Again and again we must rise to the majestic heights of meeting physical force with soul force.
– Martin Luther King, Jr., August 28, 1963, Lincoln Memorial, Washington, D.C.
||| In Sixth grade, Ms. Wolfe took up the theme of the Civil Rights Movement, as her class studied and acted out a Three-act play highlighting three pivotal moments from Dr. King’s life in the 1950s and 60s. Also featured in this dramatization were Ralph Abernathy, Rosa Parks, Robert Kennedy, and A. Philip Randolph, giving students a sense for the breadth of the movement. The students drew portraits of Dr. King as well.
In Their Words: Creative Writing Excerpts from 8th Grade
1. “Again and again we must rise to the majestic heights of meeting physical force with soul force.”
Students were asked to write about an incident that left them feeling angry or sad, whether they reacted or felt like reacting physically, and what they did or might have done otherwise.
“I wanted to throw the spoon across the kitchen. However, I didn’t because I didn’t want to get into trouble. Next time, I will take (the spoon) out calmly and put it away.”
“After losing two games in a row, I got so mad that I ripped the board in half…If I could do it again, I would have tried to realize I was mad after the first game, and not played the second one at all.”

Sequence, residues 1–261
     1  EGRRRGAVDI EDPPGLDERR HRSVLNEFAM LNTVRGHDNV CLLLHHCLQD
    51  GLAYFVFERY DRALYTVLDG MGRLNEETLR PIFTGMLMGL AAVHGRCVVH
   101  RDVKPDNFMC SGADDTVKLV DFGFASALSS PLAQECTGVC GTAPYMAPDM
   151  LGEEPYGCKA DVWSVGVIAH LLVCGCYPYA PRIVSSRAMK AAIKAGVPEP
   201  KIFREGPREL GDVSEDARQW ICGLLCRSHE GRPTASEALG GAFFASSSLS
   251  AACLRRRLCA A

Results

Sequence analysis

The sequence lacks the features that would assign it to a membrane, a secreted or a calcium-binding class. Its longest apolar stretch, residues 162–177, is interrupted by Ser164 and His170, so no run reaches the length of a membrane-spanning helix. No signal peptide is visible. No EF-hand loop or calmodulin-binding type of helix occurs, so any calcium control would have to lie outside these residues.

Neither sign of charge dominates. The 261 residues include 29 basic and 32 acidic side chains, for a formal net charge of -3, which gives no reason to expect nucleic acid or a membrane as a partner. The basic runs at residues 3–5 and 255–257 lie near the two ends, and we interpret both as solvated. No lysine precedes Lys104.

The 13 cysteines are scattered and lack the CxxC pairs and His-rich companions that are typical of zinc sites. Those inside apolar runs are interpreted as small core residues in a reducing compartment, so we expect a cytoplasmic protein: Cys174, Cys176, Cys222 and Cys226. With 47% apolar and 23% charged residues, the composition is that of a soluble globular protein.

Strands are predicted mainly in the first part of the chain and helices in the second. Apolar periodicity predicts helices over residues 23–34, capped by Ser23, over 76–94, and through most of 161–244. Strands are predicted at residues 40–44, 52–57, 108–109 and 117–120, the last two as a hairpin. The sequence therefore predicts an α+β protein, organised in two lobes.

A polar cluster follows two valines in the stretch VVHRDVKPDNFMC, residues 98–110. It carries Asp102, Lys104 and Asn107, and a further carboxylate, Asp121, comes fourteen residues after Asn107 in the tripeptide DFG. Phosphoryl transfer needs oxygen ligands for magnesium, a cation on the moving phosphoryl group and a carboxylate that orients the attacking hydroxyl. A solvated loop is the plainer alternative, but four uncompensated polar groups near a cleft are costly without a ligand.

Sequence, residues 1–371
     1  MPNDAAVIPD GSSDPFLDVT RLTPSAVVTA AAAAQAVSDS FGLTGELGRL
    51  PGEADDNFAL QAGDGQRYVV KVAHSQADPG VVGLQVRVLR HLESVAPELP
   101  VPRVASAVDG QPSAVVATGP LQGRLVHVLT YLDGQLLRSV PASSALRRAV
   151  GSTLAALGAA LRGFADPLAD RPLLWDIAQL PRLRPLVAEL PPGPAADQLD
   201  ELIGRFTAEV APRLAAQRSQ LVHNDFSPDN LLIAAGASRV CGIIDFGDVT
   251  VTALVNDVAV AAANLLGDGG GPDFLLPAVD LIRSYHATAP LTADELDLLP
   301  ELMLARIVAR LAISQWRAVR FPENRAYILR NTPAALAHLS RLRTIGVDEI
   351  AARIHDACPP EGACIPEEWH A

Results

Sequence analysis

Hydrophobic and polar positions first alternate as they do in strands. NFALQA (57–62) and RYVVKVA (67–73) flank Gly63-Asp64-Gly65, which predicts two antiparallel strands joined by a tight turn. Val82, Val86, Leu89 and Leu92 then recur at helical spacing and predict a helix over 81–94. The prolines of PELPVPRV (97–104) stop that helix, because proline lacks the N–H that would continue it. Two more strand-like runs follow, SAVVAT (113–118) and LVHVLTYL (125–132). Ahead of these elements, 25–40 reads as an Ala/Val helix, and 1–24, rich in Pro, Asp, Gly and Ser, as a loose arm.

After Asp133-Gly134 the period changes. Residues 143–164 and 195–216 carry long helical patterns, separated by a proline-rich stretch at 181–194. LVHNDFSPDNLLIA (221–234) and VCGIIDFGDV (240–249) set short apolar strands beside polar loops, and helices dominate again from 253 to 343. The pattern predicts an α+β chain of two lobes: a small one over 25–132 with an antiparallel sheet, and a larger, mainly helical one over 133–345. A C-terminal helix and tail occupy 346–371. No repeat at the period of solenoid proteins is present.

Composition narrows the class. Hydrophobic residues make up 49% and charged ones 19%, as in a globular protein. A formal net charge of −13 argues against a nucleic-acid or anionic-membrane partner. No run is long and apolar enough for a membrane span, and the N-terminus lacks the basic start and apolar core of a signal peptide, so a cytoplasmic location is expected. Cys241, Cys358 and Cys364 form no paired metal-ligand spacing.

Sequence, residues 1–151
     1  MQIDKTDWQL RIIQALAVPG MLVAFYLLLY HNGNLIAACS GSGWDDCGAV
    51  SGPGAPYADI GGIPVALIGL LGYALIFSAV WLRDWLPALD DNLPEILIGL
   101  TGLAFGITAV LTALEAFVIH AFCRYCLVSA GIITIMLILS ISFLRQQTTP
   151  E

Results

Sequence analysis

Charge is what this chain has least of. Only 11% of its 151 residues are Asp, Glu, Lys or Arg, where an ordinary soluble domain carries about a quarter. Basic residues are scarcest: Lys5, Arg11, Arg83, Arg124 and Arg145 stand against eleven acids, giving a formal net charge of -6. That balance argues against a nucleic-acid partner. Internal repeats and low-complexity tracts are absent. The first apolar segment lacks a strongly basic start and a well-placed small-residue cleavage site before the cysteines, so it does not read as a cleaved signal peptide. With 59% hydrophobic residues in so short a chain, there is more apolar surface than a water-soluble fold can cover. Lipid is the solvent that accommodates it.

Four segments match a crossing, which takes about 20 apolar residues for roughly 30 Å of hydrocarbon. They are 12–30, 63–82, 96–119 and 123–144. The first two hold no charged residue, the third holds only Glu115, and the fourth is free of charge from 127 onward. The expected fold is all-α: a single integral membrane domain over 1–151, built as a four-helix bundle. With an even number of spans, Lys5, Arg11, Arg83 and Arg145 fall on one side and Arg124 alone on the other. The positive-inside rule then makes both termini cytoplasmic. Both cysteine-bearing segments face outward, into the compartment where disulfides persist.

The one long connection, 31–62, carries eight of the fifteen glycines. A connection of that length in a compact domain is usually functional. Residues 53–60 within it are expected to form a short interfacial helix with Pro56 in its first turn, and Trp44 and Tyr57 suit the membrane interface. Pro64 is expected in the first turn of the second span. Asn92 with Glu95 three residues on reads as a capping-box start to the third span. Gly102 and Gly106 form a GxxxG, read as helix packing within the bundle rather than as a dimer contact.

2. “You have been the veterans of creative suffering. Continue to work with the faith that unearned suffering is redemptive.”
Students were asked to write how they might have felt as a person in the crowd, listening to the speech. Would they choose the path of ‘creative suffering’?
“A lot of what he preaches makes sense, but his words are almost too peaceful…I don’t know if I should come back to the next protest. I don’t know if I should be accepting or angry.”
“I don’t want to get hurt…but then I realize that this protest isn’t for me alone. It is for all of the Black people who are being mistreated.”
“I would definitely return (to the next protest) because I know that (King) would inspire me and help me.”
“…I can’t get the right opportunities now…but if I fight, maybe I can change the world for future generations.”
3. Students were asked how they might respond if, 10 years from now, when they are working adults, the tap water in their house gets contaminated and is not fixed for three months.
“I would question the city’s effort to fix (the problem). I would then email a news company, detailing what was happening, and the city’s failure to fix it…to put pressure on the local government or face national backlash.”
“I would just leave, but I have so many connections to this place, plus I can’t even imagine the guilt I’d carry if I didn’t help resolve the situation.”
On a lighter note…
“The water has been contaminated for three months now…every shopping trip I take the house water fund – $30, but that only lasts two weeks…one day, I have an idea of how we could get water: filtering it from the nearby river.”
“I would ask my parents if I could move in with them.”